ABSTRACT: This paper is concerned with the way that obsessional neurosis, as described in psychoanalytic writing works and the way it is so functionally adaptive to the contemporary social order. I anchor this description in Lacan's work by focusing on Seminar VI, the seminar in which he discusses Hamlet as an emblematic obsessional and locates this figure in a particular kind of social order. The paper first traces key elements of obsessional neurosis; satisfaction, mastery, privacy, compartmentalisation, a relation to death and masculinity. It then moves on to show how this clinical structure is bound up with adaptation before locating this clinical structure in the capitalist order and then in contemporary management practices. I trace how these concerns with obsessionality and order are configured in the formal structure proposed by later Lacanian writing – here, as a crucial tension between what is given by structure and what is to be found in the experience of the subject – and explore in concluding comments some consequences for psychoanalytic clinical work.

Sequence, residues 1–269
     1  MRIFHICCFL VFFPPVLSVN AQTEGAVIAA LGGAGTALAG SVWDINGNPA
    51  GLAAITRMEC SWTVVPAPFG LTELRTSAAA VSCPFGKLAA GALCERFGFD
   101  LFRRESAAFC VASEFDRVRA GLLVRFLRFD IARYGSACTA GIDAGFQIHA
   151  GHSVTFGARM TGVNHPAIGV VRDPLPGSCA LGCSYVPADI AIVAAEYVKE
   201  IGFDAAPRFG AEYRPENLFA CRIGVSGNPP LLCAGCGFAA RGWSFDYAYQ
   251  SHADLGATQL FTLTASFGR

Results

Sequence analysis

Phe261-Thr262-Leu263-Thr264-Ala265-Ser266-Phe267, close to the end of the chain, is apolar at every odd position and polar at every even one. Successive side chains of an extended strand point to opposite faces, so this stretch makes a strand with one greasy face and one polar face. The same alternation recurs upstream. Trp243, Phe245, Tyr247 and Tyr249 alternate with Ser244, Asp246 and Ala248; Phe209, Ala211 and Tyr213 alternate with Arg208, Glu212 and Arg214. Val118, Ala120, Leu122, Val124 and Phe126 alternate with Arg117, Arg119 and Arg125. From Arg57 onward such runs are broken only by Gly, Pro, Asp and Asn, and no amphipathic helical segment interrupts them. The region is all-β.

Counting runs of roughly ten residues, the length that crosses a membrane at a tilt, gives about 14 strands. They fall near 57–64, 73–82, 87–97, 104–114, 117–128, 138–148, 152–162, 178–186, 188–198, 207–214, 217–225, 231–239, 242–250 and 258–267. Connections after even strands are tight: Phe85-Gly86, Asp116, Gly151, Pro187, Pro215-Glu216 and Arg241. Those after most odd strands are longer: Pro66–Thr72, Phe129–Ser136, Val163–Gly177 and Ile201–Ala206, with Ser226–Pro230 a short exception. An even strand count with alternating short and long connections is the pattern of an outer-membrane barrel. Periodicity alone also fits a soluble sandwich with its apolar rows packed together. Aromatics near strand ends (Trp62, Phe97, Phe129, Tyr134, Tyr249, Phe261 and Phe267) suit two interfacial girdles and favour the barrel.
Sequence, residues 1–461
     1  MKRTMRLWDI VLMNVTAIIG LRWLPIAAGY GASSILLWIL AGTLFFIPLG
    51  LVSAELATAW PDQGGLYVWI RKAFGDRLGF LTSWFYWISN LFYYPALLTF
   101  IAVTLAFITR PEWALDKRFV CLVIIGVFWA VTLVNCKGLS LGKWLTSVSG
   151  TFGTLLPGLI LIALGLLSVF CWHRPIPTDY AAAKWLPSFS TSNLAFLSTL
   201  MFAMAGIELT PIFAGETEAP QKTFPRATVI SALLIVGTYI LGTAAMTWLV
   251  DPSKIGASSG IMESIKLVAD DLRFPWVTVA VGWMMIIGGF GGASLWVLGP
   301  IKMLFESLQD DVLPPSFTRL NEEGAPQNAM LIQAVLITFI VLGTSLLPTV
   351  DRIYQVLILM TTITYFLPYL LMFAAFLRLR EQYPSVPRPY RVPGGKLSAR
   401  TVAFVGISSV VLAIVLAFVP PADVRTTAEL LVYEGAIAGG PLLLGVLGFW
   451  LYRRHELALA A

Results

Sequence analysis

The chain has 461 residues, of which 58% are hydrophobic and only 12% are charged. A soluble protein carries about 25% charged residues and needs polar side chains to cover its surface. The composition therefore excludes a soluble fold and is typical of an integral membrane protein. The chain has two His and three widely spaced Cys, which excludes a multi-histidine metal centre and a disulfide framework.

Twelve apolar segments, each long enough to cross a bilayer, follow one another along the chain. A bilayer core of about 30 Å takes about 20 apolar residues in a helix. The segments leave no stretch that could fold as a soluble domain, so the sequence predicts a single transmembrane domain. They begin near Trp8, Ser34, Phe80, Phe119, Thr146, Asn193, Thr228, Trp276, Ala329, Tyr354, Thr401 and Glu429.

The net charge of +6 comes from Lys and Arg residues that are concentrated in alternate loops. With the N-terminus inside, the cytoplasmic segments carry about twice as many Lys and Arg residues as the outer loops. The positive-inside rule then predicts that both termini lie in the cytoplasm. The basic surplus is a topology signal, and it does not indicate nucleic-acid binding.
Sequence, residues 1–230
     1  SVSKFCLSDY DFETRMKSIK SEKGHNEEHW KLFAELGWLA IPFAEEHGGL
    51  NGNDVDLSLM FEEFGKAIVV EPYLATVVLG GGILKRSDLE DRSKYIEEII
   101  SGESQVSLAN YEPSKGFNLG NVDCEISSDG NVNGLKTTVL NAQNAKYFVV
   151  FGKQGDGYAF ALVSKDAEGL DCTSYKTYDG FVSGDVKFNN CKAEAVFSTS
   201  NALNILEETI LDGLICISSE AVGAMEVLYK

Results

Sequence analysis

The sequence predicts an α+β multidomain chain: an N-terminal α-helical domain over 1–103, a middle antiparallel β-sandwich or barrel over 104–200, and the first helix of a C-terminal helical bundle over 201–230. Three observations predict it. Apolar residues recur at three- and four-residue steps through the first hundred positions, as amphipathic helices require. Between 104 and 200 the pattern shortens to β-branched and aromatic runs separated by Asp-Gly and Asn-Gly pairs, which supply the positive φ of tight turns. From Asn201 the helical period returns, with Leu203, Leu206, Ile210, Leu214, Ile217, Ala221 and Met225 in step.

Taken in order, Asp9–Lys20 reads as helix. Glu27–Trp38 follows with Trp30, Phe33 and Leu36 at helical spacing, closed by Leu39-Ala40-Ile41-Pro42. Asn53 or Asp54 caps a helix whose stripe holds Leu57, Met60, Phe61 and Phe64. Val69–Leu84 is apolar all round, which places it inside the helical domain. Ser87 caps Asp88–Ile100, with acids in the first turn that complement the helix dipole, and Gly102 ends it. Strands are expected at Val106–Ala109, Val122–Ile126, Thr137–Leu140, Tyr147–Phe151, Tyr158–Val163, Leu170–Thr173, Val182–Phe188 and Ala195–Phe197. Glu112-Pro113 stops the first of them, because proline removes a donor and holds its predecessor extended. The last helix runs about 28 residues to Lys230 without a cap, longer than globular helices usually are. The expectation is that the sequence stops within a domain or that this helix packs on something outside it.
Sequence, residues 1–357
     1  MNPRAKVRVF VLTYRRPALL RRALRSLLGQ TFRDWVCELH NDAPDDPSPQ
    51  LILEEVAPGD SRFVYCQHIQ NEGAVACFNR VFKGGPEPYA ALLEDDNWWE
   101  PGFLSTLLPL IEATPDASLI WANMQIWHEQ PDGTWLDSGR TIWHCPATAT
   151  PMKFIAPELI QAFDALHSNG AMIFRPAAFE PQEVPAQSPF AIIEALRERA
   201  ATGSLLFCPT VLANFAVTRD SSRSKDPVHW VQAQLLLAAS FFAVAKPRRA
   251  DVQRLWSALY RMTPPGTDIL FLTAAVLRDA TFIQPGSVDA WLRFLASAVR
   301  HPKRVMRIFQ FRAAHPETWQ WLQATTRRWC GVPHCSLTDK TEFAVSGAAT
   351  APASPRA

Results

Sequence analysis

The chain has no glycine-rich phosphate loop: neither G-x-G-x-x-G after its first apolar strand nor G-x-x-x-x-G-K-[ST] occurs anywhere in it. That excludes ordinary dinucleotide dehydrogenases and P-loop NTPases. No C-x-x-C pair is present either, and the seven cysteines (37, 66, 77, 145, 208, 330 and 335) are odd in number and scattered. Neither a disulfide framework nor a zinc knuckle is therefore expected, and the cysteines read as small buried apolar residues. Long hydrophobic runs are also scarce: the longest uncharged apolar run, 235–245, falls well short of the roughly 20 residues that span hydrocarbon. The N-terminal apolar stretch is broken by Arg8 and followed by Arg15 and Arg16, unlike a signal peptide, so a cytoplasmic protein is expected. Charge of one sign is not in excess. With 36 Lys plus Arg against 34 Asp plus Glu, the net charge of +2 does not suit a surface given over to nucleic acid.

Keywords: Obsessional neurosis, psychoanalysis, adaptation, management, structure, Lacan, Miller